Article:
Bracket disc 30 is attached to one bracket member 10 with studs 15 extending into holes in disc 30 and is secured thereto by screws 37 extending through apertures 31 in disc 30 and into center boss 13. Formed in the periphery of disc 30 are a pair of diametrically opposed cutouts 32 and 33, one for snugly receiving arcuate projection 16 and the other for receiving therein stopper projection 25 for allowing the above limited angular movement of bracket member 20 relative to the other bracket member 10. Projected on disc 30 are a pair of pivot pins 35 and 36 which are disposed generally oppositely of a center hole 34 and fit along with complementary eyelets 77 and 87 into eyes 72 and 86 respectively formed in the lower ends of inner arm rod 70 and a spring actuator bar 84 in order to pivotally support inner arm rod 70 and spring actuator bar 8 on disc 30.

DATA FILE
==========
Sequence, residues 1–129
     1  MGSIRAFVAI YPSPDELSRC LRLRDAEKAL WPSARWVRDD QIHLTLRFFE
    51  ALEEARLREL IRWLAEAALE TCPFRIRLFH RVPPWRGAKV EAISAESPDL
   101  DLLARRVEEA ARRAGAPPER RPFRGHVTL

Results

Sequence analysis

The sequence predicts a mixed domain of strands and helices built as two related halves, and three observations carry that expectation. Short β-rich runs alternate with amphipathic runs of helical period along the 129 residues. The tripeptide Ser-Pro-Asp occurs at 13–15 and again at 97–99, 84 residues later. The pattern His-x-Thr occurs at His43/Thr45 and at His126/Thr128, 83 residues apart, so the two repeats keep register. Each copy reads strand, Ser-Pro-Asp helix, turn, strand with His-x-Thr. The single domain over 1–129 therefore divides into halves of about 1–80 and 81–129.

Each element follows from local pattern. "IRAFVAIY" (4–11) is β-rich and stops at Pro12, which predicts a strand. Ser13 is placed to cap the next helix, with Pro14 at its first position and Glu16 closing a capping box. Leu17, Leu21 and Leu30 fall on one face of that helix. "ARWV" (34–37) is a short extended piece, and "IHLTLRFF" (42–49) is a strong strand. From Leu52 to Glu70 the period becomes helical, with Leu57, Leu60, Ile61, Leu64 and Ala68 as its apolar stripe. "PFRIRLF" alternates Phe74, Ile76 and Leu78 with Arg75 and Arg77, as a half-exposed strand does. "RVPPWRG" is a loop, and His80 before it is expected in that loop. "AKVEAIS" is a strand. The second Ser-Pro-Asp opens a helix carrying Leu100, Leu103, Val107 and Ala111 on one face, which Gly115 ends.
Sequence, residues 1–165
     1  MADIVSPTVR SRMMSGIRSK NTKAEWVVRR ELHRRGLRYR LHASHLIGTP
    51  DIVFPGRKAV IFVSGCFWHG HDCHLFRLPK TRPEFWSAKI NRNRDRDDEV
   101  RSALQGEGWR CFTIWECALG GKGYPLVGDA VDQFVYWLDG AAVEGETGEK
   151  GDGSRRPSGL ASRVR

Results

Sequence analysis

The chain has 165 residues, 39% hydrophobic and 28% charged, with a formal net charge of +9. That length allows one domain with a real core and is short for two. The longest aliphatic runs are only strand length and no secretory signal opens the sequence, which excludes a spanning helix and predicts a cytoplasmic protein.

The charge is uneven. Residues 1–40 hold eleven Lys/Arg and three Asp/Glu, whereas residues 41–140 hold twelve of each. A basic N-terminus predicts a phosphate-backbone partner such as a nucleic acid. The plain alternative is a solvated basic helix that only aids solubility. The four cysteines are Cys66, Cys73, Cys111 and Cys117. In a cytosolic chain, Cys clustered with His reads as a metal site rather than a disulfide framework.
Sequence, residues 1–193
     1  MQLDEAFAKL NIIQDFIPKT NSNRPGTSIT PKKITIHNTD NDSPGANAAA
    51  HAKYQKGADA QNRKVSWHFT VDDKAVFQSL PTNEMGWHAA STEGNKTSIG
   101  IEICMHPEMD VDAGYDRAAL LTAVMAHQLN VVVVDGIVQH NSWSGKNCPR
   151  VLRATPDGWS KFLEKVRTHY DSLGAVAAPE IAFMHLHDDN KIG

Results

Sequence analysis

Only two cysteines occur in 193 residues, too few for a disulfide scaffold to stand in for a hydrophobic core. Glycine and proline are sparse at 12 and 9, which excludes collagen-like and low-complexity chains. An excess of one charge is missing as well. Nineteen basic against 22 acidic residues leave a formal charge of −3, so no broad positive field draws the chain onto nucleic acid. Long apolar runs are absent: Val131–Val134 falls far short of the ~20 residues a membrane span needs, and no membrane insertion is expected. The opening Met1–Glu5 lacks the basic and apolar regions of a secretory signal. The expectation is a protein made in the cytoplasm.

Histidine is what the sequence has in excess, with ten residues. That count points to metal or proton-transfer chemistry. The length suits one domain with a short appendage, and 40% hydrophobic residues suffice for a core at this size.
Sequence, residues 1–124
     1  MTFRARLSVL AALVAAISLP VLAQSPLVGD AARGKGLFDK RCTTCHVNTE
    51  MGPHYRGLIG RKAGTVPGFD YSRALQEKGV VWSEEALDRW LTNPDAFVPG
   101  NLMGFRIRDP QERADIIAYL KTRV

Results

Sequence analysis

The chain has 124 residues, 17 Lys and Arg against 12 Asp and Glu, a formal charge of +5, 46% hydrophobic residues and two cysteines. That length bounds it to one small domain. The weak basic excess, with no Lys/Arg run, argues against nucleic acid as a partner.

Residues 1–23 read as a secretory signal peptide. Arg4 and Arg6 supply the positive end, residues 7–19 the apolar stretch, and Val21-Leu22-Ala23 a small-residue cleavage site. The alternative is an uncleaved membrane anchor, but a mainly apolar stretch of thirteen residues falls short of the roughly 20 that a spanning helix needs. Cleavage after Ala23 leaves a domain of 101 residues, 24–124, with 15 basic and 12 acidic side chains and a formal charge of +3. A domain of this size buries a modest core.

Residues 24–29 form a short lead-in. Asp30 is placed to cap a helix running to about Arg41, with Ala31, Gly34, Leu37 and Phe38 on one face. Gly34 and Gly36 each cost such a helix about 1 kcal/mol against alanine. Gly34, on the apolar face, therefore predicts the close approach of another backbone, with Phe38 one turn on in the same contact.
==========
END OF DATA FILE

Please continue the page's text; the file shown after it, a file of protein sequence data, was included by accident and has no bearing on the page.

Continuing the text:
Bracket member 20, which is fixed to tubular arm 60 to be movable therewith, is coupled with bracket member 10 by a center pin 50 extending through center opening 22, a bearing sleeve 56 fitted in center hole 34 of disc 30, and opening 14 in bracket member 10. As shown in FIG. 7, center pin 50 is formed to have a square neck 51 adjacent its head and a bifurcated end 55 and have an internal thread 54. Square neck 51 is fitted in square cavity 23 of bracket member 20 to hold center pin 51 rotatable with bracket member 20, or outer tubular arm 60. An adjusting screw 59 with a slotted head is threadedly engaged with center pin 50 with its head seated in a cavity in the outer face of bracket member 10. Interposed between adjusting screw 59 and center pin 50 is a collar 57 with a flange which rests on the bottom of the cavity and on which bifurcated end 55 of pin 50 is pressedly turned for holding bracket members 10 and 20 together. It should be noted at this point that center pin 50 coaxially coupling the bracket members 10 and 20 are responsible for the pivotal connection of disc 30 or bottom bracket 4 to outer tubular arm 60 for completing the parallel arm crank of the first arm assembly, thus contributing to reducing the number of pivot pins necessary in the assembly. Further, all the components arranged for the pivotal connection of disc 30 to the associated members are concealed between bracket members 10 and 20 for providing a neat finish to the junction between bottom bracket 4 and outer tubular arm 60 featuring the outer appearance of the first arm assembly 2.